Jeppe Sinding Jensen on “What Norms or Values Define Excellent Philosophy of Religion?”

Jeppe Sinding Jensen is Associate Professor in the Department for the Study of Religion at Aarhus University. We invited him to answer the question “What norms or values define excellent philosophy of religion?” as part of our “Philosophers of Religion on Philosophy of Religion” series.

The question of “What Norms or Values Define Excellent Philosophy of Religion?” really is simple to answer. They cannot be anything other than the same norms and values that underwrite all other academic – philosophical and scientific – pursuits. What else, might we ask, if they are to be housed in the modern university? The problem for the philosophy of religion rather lies, as other blogposts indicate, in the distinction of the object of the ‘of’-relation. What is it that the philosophy of religion is a philosophy ‘of’? Norms and values display and relate degrees of rightness or wrongness in relation to human practices in accordance with given cultural and historically contingent social conventions. However, in the academic world, certain universal and transcendent conditions rule: truth, rightness and honesty must reign. Here, the least one can do is to secure an appropriate coverage of terminology. Thus, the crucial point is what is meant by ‘religion’ – as the meaning of ‘philosophy’ must follow the general usage in and of the modern university. Unfortunately, for the clarity of the discussion, ‘religion’ is a term that covers a fuzzy, if not outright messy, set of concepts. The philosophy of religion, if there is to be one such, must then necessarily follow the usages and insights from the study of religion, studies of religion that must, it should be pointed out, remain and rely on the same epistemic levels and with the same ontological commitments as philosophy in general.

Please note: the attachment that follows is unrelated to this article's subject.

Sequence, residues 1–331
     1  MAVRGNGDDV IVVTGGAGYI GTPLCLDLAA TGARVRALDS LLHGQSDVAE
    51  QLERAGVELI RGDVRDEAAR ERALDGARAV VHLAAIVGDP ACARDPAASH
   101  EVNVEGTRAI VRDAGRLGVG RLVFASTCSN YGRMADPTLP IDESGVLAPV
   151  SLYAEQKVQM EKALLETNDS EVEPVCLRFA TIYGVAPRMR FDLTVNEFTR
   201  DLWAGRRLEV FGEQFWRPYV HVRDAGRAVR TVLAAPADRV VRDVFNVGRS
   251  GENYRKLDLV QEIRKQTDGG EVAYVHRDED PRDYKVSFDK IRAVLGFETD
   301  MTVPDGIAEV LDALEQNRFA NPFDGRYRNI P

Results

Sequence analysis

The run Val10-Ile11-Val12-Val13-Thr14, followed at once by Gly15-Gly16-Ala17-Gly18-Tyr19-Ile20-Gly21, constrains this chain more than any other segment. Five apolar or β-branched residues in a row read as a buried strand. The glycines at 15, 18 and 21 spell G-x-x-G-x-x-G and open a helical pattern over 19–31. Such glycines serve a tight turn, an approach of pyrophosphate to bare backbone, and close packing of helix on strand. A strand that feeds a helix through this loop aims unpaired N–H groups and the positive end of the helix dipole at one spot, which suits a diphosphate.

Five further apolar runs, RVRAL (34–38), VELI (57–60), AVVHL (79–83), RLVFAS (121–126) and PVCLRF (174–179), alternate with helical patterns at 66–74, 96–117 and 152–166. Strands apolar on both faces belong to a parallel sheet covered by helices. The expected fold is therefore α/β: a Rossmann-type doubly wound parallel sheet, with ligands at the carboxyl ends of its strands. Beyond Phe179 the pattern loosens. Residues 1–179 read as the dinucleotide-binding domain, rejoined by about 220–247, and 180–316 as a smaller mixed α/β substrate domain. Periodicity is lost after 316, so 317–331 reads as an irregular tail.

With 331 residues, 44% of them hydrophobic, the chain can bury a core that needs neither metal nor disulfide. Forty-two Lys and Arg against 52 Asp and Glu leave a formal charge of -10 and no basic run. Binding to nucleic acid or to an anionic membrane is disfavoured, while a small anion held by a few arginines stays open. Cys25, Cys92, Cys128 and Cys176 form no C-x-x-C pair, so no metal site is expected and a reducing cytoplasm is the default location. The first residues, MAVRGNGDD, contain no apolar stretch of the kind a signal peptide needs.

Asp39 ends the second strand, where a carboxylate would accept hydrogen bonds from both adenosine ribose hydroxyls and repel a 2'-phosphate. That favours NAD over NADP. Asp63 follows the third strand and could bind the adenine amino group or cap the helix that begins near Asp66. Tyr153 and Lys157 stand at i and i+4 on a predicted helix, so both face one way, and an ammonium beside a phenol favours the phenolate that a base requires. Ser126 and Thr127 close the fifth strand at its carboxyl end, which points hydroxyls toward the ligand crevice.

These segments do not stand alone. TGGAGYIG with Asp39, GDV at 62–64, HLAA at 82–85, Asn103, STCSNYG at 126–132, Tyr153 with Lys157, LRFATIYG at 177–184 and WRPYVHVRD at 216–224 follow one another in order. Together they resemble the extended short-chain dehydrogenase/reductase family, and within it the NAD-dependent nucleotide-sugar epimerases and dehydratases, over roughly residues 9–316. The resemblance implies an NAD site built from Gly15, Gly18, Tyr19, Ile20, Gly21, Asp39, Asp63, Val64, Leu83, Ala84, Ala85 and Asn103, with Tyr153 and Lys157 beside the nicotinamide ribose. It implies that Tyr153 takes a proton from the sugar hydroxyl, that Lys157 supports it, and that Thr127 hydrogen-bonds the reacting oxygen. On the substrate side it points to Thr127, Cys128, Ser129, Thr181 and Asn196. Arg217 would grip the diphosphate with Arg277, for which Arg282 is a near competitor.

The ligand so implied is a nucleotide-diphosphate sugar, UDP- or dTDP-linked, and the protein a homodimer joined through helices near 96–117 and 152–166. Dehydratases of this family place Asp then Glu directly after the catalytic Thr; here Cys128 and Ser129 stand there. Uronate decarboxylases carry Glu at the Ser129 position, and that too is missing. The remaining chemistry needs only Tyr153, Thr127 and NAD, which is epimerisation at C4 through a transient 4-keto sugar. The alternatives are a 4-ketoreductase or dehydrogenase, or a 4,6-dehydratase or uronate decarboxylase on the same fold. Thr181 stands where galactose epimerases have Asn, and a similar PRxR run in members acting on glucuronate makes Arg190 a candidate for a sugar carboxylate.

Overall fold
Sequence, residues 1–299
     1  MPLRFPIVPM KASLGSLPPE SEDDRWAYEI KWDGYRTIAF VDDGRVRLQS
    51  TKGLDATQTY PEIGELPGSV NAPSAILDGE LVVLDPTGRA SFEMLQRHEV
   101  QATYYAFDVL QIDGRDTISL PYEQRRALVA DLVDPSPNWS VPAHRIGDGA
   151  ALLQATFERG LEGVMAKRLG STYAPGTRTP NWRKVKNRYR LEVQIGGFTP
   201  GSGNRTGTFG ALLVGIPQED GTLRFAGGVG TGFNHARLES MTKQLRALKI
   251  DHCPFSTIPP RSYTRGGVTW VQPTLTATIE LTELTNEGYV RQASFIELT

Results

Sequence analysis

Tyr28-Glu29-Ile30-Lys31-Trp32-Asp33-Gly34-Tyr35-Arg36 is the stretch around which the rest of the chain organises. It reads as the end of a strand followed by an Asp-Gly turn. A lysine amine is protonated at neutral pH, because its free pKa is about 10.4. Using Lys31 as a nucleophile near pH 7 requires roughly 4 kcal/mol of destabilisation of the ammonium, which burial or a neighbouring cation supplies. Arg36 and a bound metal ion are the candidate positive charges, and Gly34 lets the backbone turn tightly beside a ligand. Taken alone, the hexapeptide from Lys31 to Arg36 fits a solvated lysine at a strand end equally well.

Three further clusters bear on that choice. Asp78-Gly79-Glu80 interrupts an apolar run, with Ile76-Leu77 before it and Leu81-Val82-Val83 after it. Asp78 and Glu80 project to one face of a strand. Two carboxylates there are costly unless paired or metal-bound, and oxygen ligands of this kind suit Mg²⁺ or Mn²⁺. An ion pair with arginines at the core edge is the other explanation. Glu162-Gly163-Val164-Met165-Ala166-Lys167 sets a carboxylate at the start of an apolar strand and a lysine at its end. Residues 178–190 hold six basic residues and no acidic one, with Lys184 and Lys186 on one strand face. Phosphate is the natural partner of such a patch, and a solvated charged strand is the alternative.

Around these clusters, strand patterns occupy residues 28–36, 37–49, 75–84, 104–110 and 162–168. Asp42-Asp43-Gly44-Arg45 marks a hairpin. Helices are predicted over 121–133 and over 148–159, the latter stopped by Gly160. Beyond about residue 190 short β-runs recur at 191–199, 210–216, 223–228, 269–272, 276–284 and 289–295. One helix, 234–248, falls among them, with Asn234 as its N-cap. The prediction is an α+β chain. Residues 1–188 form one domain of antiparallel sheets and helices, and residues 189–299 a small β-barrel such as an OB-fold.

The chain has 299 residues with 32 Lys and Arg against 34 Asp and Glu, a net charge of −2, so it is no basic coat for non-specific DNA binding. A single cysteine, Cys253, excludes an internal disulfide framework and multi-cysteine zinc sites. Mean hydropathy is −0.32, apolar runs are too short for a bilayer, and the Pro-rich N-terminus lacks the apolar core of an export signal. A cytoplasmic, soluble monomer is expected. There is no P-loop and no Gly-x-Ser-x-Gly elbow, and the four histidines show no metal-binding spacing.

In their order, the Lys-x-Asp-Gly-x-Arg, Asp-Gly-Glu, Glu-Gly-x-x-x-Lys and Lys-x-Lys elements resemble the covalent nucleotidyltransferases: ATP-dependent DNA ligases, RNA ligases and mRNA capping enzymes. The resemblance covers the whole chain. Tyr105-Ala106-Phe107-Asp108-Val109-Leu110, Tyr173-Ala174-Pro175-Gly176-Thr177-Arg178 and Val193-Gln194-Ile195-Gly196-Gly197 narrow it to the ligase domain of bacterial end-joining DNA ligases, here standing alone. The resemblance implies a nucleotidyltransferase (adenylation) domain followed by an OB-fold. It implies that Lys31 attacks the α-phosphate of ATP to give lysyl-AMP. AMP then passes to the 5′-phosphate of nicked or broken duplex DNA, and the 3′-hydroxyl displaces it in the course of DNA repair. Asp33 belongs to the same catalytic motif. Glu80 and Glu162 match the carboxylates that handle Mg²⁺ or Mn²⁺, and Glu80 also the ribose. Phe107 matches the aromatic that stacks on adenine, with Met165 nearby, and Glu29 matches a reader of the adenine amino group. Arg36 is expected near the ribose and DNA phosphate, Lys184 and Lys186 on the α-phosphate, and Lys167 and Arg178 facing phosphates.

‘What is religion?’ becomes the principal question, then. The many aspects of what we habitually cover by the concept of religion would preclude any stable treatment of the issue. The philosophy of ‘religion’ would necessarily dissolve into philosophies of sociality, semantics, beliefs, emotions, behavior, power, politics and the many other things that may be included in any religious tradition. Looking towards established philosophy of religion, we have been accustomed to what Mark Gardiner recently noted as philosophical reflections on ‘a particular type of belief system, namely Eurocentric abstract monotheism.’ I agree with Gardiner, that with ‘belief’ as the privileged core, the philosophy of religion has been narrow and skewed. Granted, there is a problem (or more) with the rationality of religious belief in the modern world, but that certainly is not the only – nor need it be the dominant – question for a responsible philosophy of religion. Imagine, what would the subject matters be of a hypothetical philosophy of TV? If it focused narrowly on advertising income, or on news presenter hairstyles, important as they may be in some places, we would instantly recognize the missing bits and pieces. Thus, to be brief, I must admit that I can see no other avenue for the philosophy of religion than to develop a broader conception of its own role in the modern university. Just as philosophers of, say, language have the work of linguists and other scholars / scientists as setting the boundary condition for their philosophy of language, so philosophy of religion should be congruent with the study of religion in its fundamental assumptions. This would mean listening to what goes on in the study of religion. However, not everything that goes on in the study of religion need be equally important, or even worth contemplating for philosophers, but many things will be worthy of attention. Here, it is equally notable how the study of religion seems to thrive in the university without serious engagement with philosophical questions. If, and when, practitioners of the study of religion may seem to neglect or disregard philosophical issues and tasks, it may also be because the impressions they get of what philosophy is and does have come from conventional philosophies of religion that appear parochial and one-sided. Contemporary studies of religion stress many aspects other than those relating to truth-issues in religious discourse. Such aspects are the emotional, behavioral, ritual, institutional – to name but some. It follows that the philosophy of religion should be oriented towards those same aspects and be able to assist the scholarly community in clarifying and explaining what philosophical engagements with religion and the study of ‘it’ may contribute to our understanding of these aspects of the human condition. This is what we should and could do. As can be seen from the number of subjunctives here, this little piece is a contribution to a normative discussion, true, but please note that it is a contribution to a discussion of methodological normativity. Thus, the philosophy of religion should not be a contribution to religion, but to philosophy on the one hand and to an understanding of religion on the other. Consequently, the register of normativity must shift from the moral-existential (or outright religious) to the methodological. The first requirement, then, is the distinction of what the philosophy of religion is a philosophy of. If its object is that which we call ‘religion’, then the philosophy of religion would need to heed what goes on in the humanities, in the social and the life sciences in due proportions and take its course according to its current object of reflection or investigation. The philosophy of religion must be nested within philosophies of other and ‘greater’ matters, just like an imagined ‘philosophy of ornithology’ would be embedded in a philosophy of biology in general.

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